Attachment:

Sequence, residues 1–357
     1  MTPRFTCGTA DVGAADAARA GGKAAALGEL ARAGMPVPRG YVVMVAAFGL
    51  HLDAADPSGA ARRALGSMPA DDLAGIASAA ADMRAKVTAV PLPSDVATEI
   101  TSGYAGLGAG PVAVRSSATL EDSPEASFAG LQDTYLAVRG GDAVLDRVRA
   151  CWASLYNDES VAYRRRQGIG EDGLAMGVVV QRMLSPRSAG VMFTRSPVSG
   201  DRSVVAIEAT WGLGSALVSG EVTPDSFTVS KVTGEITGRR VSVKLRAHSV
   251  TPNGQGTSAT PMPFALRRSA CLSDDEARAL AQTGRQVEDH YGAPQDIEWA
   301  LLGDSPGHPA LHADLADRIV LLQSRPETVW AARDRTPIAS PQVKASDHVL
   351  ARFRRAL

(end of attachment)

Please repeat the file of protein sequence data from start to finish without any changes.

Sequence, residues 1–357
     1  MTPRFTCGTA DVGAADAARA GGKAAALGEL ARAGMPVPRG YVVMVAAFGL
    51  HLDAADPSGA ARRALGSMPA DDLAGIASAA ADMRAKVTAV PLPSDVATEI
   101  TSGYAGLGAG PVAVRSSATL EDSPEASFAG LQDTYLAVRG GDAVLDRVRA
   151  CWASLYNDES VAYRRRQGIG EDGLAMGVVV QRMLSPRSAG VMFTRSPVSG
   201  DRSVVAIEAT WGLGSALVSG EVTPDSFTVS KVTGEITGRR VSVKLRAHSV
   251  TPNGQGTSAT PMPFALRRSA CLSDDEARAL AQTGRQVEDH YGAPQDIEWA
   301  LLGDSPGHPA LHADLADRIV LLQSRPETVW AARDRTPIAS PQVKASDHVL
   351  ARFRRAL